It’s an odd experience seeing the national news carry extensive reports on the passing of somebody you know rather than someone you merely know about. I can’t claim to have been bosom buddies with Iain Banks, but we exchanged emails from time to time and had chatted over a dram or two in the occasional bar, and he even came to Northampton for a long weekend when I invited him to be Guest of Honour at a convention… Iain was someone I both liked and admired.
When he first announced his illness back in April, I emailed him. I didn’t do so with any expectation of a response, but because I felt compelled to at least register my dismay. Iain replied the same day, and that triggered an exchange of messages in which he told me of his honeymoon, further expensive holidays he and Adele (whom he had invited to become his widow) were planning, and the fast car he had just treated himself too – the type he used to drive in his youth before green conscience got the better of him. It’s a measure of the man that he found the time to participate in such banter when he had so little left to give and doubtless many more worthy than me to claim it.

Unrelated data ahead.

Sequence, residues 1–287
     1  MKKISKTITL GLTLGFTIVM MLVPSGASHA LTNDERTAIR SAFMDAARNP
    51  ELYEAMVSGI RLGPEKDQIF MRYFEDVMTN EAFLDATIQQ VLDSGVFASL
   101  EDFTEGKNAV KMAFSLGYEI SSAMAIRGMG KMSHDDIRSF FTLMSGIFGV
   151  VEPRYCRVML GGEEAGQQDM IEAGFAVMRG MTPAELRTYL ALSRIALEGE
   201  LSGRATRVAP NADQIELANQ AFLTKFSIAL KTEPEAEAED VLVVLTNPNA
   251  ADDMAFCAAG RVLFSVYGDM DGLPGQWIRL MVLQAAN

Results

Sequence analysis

Despite the diagnosis, I clung to the hope that Iain would beat the odds and still be there to raise a glass or three in the bar at next year’s Eastercon in Glasgow.
Ian Watson, Ian McKenna, Iain Banks, Ian Whates – October 2008; photo by Deirdre Walsh
Iain’s passing comes all too soon after that of another fine writer and friend, Debbie Miller. Debs, who wrote as both Deborah J Miller and Miller Lau, may not have been as renowned as Iain and her death may not have made the national news, but that doesn’t make her loss any less hard to accept. Debs was a special lady. She will be missed for her writing, for all the work she invested into getting the David Gemmell Awards established and ensuring their future, but most of all for her warmth, wisdom, and capacity to care.
I know that in the coming months or more, when I sip from a drink I’ll be remembering two special people; and if there’s a smile on my lips as I do so, it won’t be because I’m dishonouring their memory or have forgotten what has been lost. Quite the reverse. It’ll be because I never will.
Deborah J Miller, Ken MacLeod